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PP leader goads Zapatero: "How long must we prolong the agony?"

Prime minister uses final state-of-the-nation debate to defend his legacy and call for a "collective effort" to help country exit crisis

Far from providing any potential solutions to Spain's economic crisis, Tuesday's state-of-the-nation debate turned into a blame game in which the opposition insisted on early elections and the head of the Socialist government defended his legacy.

The leader of the conservative Popular Party (PP), Mariano Rajoy, focused his address on the bad economic indicators, including 21-percent unemployment, a high deficit and virtually no growth. "Must we prolong this agony or call early elections?" asked Rajoy. "Time is of the essence."

Prime Minister José Luis Rodríguez Zapatero, who has already announced he will not seek a third term when this legislature ends next March, accused his opponent of not making any specific proposals to fix the economy.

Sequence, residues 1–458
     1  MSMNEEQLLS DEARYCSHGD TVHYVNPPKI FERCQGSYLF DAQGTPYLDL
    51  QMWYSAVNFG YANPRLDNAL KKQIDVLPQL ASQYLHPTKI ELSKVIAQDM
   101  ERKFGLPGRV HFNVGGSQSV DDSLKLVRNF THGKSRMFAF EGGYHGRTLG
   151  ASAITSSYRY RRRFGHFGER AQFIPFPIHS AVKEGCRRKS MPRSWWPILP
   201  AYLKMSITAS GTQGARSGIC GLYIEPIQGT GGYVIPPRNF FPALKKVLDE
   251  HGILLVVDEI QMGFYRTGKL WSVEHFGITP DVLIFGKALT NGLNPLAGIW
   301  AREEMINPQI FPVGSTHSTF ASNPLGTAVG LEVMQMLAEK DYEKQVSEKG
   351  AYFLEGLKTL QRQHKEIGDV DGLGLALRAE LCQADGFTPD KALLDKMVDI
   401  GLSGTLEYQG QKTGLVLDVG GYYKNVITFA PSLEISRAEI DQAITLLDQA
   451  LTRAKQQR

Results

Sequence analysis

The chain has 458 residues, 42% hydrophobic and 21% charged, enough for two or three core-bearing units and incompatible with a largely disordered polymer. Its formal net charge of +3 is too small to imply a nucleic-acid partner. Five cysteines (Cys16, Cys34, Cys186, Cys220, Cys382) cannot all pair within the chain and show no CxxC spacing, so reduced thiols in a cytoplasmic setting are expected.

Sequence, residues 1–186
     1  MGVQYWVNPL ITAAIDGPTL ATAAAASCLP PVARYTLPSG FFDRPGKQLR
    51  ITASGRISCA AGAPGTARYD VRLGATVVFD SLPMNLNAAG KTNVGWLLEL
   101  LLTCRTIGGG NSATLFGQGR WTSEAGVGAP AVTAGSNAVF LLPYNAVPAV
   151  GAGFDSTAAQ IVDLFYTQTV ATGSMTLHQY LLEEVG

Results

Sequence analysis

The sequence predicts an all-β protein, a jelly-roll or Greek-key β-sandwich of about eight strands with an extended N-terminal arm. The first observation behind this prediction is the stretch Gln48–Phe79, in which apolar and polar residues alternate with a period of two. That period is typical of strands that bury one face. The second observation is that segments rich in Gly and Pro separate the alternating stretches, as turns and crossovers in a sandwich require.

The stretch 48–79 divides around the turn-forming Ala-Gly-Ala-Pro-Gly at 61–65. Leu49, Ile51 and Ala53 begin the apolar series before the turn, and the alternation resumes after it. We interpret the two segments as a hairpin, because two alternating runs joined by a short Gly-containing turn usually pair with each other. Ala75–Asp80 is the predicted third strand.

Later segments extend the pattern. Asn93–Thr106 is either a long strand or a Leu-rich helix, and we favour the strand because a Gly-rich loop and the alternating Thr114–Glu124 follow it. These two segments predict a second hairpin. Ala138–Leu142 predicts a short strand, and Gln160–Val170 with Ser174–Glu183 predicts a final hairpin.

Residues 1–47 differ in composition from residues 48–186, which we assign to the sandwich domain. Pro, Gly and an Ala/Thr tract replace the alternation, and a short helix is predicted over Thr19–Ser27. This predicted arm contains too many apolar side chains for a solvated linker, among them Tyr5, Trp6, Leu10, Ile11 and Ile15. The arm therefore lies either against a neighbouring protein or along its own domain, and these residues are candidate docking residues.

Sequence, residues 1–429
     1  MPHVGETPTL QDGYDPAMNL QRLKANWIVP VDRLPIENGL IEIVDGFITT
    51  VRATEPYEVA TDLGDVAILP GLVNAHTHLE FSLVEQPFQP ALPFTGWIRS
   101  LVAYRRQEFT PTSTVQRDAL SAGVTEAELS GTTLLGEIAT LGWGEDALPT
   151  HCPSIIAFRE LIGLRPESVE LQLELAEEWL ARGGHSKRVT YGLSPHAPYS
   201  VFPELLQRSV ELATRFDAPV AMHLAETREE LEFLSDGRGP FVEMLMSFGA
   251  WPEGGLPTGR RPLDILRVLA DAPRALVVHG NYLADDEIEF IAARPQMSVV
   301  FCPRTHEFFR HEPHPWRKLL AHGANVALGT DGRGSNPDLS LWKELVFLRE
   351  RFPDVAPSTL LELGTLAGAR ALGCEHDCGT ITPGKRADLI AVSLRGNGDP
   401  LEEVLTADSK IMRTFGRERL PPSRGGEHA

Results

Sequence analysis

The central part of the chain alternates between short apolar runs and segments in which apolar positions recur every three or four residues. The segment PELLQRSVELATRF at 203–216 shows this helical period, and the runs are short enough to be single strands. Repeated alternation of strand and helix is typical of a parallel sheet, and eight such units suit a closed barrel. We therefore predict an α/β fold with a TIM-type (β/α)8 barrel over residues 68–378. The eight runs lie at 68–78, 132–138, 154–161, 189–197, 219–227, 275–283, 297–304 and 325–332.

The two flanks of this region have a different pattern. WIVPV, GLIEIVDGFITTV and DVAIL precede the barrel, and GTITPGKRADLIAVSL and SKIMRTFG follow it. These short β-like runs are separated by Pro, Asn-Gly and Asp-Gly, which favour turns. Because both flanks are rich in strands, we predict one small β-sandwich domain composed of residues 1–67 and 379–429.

"It doesn't seem very hard to ask for elections, but it is hard to present some kind of alternative idea, a program, a reform- something specific regarding your stand on the issues, right here before all Spaniards," said Zapatero, who also accused Rajoy of not supporting any of the government's reforms aimed at bringing Spain's deficit in line with euro-zone rules.

Rajoy said that reforms are necessary, but that "the Zapatero administration is not going to make them." Citing Spain's public debt of 67 percent of GDP and 45-percent unemployment among Spanish youth, Rajoy said that "we are poorer, more indebted and ever-further away from Europe's leading nations."

In his last state-of-the-nation debate, Zapatero looked to the future and asked for a joint effort to get Spain out of the crisis. "Collective effort and institutional cooperation never made so much sense in Spain as they do now. [...] At stake is our wellbeing for the coming decades. Spain is going to overcome a tough test, in a very complicated European and international context. We need to go all the way. And we will know how to do it," said the Socialist leader in a clear reference to continued pressure against Spain in the financial markets, where the country is considered one of the at-risk peripheral states, along with default-endangered Greece.